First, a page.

Saint John’s Eve, starting at sunset on 23 June, is the eve of celebration before the Feast Day of Saint John the Baptist. The Gospel of Luke states that John was born six months before Jesus, therefore, the feast of John the Baptist was fixed on 24 June, six months before Christmas according to the old Roman calculation. This feast day is one of the very few saints’ days which commemorates the anniversary of the birth, rather than the death, of the saint being honored.
The Feast of Saint John closely coincides with the June solstice, also referred to as Midsummer in the Northern Hemisphere. Despite Christian holy day is fixed at 24 June, in most countries festivities are mostly held the night before, on Saint John’s Eve, an holiday celebrated in many places.
Of course, the days surrounding the summer solstice abound with legends, divinations and rituals involving water, plants, and fire. Throughout mostly rural areas of Europe, the night between June 23 and June 24, the feast day of St John the Baptist, his nativity, is marked by festivals and bonfires, flaming wheels rolling down mountainsides, ritualistic smoke purification of livestock, the burning of aromatic herbs to ward off evil and promote physical health and more. In Italy, at the center of this heady mix of symbolism and ritual, witches and fairies, nature spirits and Christian saints, herbal remedies, a fantastic ritual with white eggs and water, potions and even the malocchio, is the curious secular tradition of gathering still-green walnuts to make the “witch liquor” known as nocino.
Fire is the most typical element associated with the Saint John’s Eve celebration.
In many countries bonfires are lit on the evening of 23 June for people to jump over.
For istance in Croatia, where the feast called Ivanje (Ivan being Croatian for John), bonfires (Ivanjski krijesovi) are built on the shores of lakes, near rivers or on the beaches for the young people to jump over the flames. The Danes, instead, often meet with family and friends to have dinner together. If the weather is good, they then proceed to a local bonfire with the effigy of a witch on top, lit around 10 pm. According to popular belief, St John’s Eve was charged with a special power where evil forces were also at work. People believed that the witches flew past on their broomsticks on their way to the Brocken, the highest peak of the Harz mountain range and also the highest peak of Northern Germany. To keep the evil forces away, the bonfires were usually lit on high ground.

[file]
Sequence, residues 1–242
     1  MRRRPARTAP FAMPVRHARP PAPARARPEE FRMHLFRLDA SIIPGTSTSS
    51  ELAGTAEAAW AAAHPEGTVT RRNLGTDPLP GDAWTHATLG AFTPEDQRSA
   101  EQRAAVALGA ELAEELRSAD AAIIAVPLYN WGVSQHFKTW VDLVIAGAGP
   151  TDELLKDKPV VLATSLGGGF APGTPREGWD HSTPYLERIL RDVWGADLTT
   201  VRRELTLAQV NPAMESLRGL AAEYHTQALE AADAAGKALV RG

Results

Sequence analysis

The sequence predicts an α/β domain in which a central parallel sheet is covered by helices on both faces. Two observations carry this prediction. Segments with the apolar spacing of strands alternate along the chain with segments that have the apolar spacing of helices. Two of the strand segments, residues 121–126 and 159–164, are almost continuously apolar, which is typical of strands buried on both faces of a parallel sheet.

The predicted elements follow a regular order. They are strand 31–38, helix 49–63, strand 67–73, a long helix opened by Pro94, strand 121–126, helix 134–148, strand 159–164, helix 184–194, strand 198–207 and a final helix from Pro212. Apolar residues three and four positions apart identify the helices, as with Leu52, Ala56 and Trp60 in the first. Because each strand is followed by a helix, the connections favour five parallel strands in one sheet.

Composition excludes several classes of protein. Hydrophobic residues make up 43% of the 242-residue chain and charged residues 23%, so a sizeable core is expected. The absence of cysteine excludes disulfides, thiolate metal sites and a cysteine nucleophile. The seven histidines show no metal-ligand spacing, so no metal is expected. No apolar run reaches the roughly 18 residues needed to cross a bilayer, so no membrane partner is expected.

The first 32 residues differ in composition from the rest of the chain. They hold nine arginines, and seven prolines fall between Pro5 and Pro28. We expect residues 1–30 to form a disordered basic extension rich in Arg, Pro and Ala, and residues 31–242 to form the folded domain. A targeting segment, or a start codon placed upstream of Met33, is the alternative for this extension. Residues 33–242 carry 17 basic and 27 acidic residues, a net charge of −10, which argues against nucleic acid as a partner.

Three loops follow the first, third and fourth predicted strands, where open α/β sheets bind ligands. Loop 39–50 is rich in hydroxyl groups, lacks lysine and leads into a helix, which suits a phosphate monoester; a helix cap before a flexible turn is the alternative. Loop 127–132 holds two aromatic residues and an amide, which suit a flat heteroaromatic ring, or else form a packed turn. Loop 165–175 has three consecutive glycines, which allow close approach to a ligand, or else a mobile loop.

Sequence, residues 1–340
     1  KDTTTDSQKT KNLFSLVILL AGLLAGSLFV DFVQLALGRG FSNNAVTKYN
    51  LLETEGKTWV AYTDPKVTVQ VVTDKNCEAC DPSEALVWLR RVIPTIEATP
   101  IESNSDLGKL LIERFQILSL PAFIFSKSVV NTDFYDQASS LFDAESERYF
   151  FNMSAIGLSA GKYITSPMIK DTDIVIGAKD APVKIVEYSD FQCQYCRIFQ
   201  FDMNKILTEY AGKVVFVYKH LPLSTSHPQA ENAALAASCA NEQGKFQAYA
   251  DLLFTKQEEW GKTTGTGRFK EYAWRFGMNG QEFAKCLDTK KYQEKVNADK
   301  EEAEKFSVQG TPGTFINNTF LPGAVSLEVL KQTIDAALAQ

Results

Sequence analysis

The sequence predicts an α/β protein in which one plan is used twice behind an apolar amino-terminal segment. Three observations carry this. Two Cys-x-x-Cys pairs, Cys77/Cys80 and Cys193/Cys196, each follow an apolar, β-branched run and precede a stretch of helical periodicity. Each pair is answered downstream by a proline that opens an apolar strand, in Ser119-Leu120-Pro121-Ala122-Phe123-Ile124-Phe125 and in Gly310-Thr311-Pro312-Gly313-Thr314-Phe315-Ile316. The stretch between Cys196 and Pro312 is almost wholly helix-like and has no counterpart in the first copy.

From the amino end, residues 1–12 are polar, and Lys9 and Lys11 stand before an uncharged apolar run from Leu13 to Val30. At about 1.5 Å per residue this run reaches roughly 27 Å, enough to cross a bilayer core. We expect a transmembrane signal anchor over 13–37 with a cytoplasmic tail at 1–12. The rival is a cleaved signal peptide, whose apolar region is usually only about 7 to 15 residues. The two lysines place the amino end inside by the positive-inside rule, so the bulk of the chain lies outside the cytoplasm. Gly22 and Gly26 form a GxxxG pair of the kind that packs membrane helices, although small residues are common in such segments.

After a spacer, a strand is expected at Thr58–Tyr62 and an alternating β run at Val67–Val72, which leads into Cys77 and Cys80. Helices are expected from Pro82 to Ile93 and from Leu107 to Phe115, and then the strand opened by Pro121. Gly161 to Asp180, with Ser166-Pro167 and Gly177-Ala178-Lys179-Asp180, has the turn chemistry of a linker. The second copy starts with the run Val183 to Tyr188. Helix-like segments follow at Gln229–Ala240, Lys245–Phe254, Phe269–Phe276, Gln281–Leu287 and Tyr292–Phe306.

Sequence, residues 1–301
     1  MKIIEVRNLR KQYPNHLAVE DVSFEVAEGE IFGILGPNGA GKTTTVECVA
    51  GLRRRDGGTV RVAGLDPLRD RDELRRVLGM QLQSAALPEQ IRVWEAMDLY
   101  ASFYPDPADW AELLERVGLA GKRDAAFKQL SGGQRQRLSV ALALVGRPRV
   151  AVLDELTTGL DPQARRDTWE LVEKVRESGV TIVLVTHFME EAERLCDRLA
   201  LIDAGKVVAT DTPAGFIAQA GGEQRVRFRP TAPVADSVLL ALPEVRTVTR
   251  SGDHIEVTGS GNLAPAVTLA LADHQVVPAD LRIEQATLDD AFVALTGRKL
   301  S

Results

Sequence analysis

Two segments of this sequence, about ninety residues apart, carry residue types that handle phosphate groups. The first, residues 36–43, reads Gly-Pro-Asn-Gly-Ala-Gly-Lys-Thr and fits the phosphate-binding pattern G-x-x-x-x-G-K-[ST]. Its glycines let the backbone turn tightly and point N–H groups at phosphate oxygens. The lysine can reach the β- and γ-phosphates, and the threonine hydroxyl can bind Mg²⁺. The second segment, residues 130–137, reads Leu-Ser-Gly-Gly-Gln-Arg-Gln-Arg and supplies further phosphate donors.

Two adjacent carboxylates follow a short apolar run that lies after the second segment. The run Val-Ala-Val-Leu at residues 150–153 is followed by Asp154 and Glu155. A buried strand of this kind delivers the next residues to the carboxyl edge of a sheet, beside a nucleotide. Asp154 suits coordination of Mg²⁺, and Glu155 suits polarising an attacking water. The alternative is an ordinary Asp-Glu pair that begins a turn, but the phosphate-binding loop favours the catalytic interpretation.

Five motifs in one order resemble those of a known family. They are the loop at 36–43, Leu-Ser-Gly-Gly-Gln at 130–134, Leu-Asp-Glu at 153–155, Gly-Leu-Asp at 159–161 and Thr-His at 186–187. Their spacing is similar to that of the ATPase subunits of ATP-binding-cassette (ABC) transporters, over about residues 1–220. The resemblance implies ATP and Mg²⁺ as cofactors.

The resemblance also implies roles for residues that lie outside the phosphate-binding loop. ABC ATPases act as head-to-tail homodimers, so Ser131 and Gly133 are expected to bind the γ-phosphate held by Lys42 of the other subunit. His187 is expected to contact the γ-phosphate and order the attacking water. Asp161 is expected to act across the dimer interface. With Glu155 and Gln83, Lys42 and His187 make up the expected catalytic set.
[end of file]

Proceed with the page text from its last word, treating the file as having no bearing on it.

In some rural parts of Ireland, particularly in the north-west, Bonfire Night is held on St. John’s Eve, when bonfires are lit on hilltops.Many towns and cities have “Midsummer Carnivals”, with fairs, concerts and fireworks, around the same time. Curious fact, in County Cork in southwest Ireland & County Louth in Northeast Ireland the night is commonly referred to as bonfire night and is among the busiest nights of the year for the fire services!
On the eve of St John, herbs are believed to possess especially strong healing powers. It is not a coincidence if many aromatics are harvested this time of year, having just flowered, with aromas at their most intense. Herbs and aromatics to gather on St John’s eve include St John’s wort, wormwood, verbena, elderberry, lavender, mint, rosemary, garlic and onion.
Since medieval times, St. John’s Wort has been hung over doors, windows and icons to keep witches and evil spirits away.
Even fruits such as red currant and hawthorn berries are believed to protect against evil, if gathered on this day.
It is believed that some of these plants, if used in the preparation of a beverage, bring not only physical benefits but also spiritual salvation and protection bestowed from the saint himself.
One similar custom involves gathering dew directly from trees and plants on this night, with the resulting distillation purported to foster hair growth, improve fertility, cure skin afflictions, and keep illness at bay. Another version, perhaps devised for the lazy, calls for leaving a cloth out overnight, the moisture from which is then wrung out in the morning.
Many St John-related rituals center on mating, nuptials, and marital harmony, given this night’s age-old association with male-female balance and harmony.
In one ritual, a young, yet-to-wed woman places three fava beans, one intact, one peeled, and one broken, under her pillow before going to sleep on this night, June 23. During the night she selects one without looking and learns her fate: the intact bean signifies riches, the half bean portends a mediocre destiny and the peeled bean, a bad omen. In another, the eating of snails, specifically their tentacles, on St John’s day grants men protection from misfortune and in particular from being made a cuckold: the snail tentacle, which resembles a horn, represents a kind of edible amulet against what’s known in Italian as “fare le corna”, a not-so-nice term for infidelity.